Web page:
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# In a mass spectrometer used for measuring the masses of ions, the ions are initially accelerated by an electric potential $V$ and then made to follow semicircular paths of radius $R$ using a magnetic field $B$. If $V$ and $B$ are kept constant, the ratio $(\dfrac{{{\text{charge on the ion}}}}{{{\text{mass of the ion}}}})$ will be proportional to(A) $\dfrac{1}{R}$(B) $\dfrac{1}{{{R^2}}}$(C) ${R^2}$(D) $R$

Last updated date: 09th Sep 2024
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Hint Find the energy imparted to the electron when it passes through the electric voltage. This kinetic energy imparted will give $v$ (velocity). After that, we will find the force acting on the particle in the magnetic field. This will have a velocity that will be substituted from the above equation to get the required ratio of $(\dfrac{{{\text{charge on the ion}}}}{{{\text{mass of the ion}}}})$.

A mass spectrometer is used for measuring the masses of ions.
Initially, the ions are accelerated by an electric potential $V$, which is kept constant.
The electric potential $V$ gives kinetic energy to the ion, which is equivalent to $qV$. Here $q$ is the charge on the ion.
This kinetic energy is equal to the kinetic energy of the particle as, $\dfrac{1}{2}m{v^2} = qV$
In this equation, $m$ is the mass of the ion, and $v$ is the velocity of the ion.
Using this equation of kinetic energy, we get the velocity $v$ as, $v = \sqrt {\dfrac{{2qV}}{m}}$.
This is the velocity that is imparted to an electron when it passes through the given electric potential.
Now, in the magnetic field $B$, the particle is made to follow a semi-circular path of radius $R$.
Here the particle enters with the pre-calculated speed $v = \sqrt {\dfrac{{2qV}}{m}}$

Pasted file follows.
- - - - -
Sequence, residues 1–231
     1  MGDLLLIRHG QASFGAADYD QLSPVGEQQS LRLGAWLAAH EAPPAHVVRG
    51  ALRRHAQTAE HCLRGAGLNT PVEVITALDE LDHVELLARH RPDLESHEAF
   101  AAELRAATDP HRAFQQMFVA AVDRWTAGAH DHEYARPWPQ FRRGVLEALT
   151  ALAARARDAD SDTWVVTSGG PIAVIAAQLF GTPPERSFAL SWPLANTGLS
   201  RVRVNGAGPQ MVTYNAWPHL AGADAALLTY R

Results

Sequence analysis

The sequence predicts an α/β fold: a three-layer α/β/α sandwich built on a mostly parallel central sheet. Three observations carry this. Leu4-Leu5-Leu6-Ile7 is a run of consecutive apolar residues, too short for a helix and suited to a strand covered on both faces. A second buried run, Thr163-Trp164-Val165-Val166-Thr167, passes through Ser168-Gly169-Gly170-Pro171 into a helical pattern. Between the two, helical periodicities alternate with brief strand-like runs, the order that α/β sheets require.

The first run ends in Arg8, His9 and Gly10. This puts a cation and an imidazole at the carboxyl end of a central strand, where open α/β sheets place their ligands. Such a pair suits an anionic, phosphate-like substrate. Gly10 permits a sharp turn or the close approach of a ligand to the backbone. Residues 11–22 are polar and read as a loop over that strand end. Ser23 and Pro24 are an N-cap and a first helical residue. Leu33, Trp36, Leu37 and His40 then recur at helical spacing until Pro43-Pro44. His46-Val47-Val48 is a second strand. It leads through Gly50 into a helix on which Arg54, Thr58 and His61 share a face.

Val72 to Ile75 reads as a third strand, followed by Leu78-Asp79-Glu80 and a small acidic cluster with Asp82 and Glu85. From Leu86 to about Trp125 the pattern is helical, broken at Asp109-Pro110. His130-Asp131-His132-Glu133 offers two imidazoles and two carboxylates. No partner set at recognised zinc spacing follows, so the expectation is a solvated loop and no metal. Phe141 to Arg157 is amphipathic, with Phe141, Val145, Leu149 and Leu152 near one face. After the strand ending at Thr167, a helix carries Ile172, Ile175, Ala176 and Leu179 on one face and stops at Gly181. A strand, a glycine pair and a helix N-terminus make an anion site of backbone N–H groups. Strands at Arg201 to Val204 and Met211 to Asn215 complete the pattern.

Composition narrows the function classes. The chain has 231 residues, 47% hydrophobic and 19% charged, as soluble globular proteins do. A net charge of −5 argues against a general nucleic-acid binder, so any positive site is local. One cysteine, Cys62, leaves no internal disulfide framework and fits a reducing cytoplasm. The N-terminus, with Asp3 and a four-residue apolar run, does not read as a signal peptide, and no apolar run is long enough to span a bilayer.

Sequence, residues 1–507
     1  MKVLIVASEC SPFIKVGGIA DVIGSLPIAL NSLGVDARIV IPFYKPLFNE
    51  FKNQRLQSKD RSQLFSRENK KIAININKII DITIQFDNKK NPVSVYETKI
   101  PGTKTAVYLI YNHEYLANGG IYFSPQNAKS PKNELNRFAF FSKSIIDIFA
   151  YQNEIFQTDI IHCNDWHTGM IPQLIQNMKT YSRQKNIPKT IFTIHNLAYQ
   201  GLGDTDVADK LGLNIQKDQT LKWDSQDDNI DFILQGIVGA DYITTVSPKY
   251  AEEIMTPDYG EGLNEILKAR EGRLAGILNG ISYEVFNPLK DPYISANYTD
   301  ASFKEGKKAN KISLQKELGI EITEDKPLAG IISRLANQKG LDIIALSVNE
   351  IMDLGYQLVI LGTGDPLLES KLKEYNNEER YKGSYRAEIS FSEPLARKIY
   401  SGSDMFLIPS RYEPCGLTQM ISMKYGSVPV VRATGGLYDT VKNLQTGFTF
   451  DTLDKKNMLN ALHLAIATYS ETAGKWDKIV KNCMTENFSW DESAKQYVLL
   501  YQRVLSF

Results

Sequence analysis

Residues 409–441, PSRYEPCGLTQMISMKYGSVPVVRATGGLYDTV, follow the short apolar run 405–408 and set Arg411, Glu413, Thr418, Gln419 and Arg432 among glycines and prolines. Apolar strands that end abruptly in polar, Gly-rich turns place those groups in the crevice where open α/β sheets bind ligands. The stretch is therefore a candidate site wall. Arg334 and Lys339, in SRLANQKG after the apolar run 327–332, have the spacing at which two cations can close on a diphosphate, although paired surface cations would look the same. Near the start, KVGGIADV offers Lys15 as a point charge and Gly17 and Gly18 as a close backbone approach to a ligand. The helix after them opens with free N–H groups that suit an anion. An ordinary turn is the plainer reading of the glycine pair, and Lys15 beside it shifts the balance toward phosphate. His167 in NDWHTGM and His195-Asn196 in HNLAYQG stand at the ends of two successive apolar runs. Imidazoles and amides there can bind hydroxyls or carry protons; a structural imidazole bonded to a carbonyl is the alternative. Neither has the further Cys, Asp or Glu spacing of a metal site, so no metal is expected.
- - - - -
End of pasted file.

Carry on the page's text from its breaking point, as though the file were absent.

Since the magnetic field is present after the electric potential imparts the required kinetic energy to the particle.
The force on the particle due to the magnetic field $B$ is given by$F = q(\overrightarrow v \times \overrightarrow B )$.
This force is equal to the centripetal force on the particle since any other force is absent in the magnetic field.
Therefore balancing the forces on the particle in the magnetic field we get, $q(\overrightarrow v \times \overrightarrow B ) = \dfrac{{m{v^2}}}{R}$,
Here we will assume that the velocity of the particle when it enters the magnetic field is perpendicular to the magnetic field $B$.
Thus, $qvB\sin \theta = \dfrac{{m{v^2}}}{R}$, where $\theta$ is the angle between the magnetic field and the velocity. Since no value of any angle is given, we assume $\theta$ as ${90^ \circ }$ in this case.
$\Rightarrow qB\sin {90^ \circ } = \dfrac{{mv}}{R}$,
Substituting the value of $v$, form the equation $v = \sqrt {\dfrac{{2qV}}{m}}$above, we get
$\Rightarrow qB = \dfrac{m}{R}\sqrt {\dfrac{{2qV}}{m}}$
$\Rightarrow {q^2}{B^2} = \dfrac{{{m^2}}}{{{R^2}}}(\dfrac{{2qV}}{m})$
$\Rightarrow q{B^2} = \dfrac{m}{{{R^2}}}(2V)$
$\Rightarrow \dfrac{q}{m} = \dfrac{{2V}}{{{B^2}{R^2}}}$
$\therefore \dfrac{{{\text{charge on the ion}}}}{{{\text{mass of the ion}}}} = \dfrac{{2V}}{{{B^2}{R^2}}} \propto \dfrac{1}{{{R^2}}}$
As can be seen, the ratio of $(\dfrac{{{\text{charge on the ion}}}}{{{\text{mass of the ion}}}})$ is directly proportional to $\dfrac{1}{{{R^2}}}$.

Thus the option $(B)$ is correct.

Note While considering this problem, we will assume that the particle is encountering only the electric field initially and then the magnetic field. The particle with some charge will not encounter both the fields at the same time. In any case, we will consider the mass of the particle as its rest mass.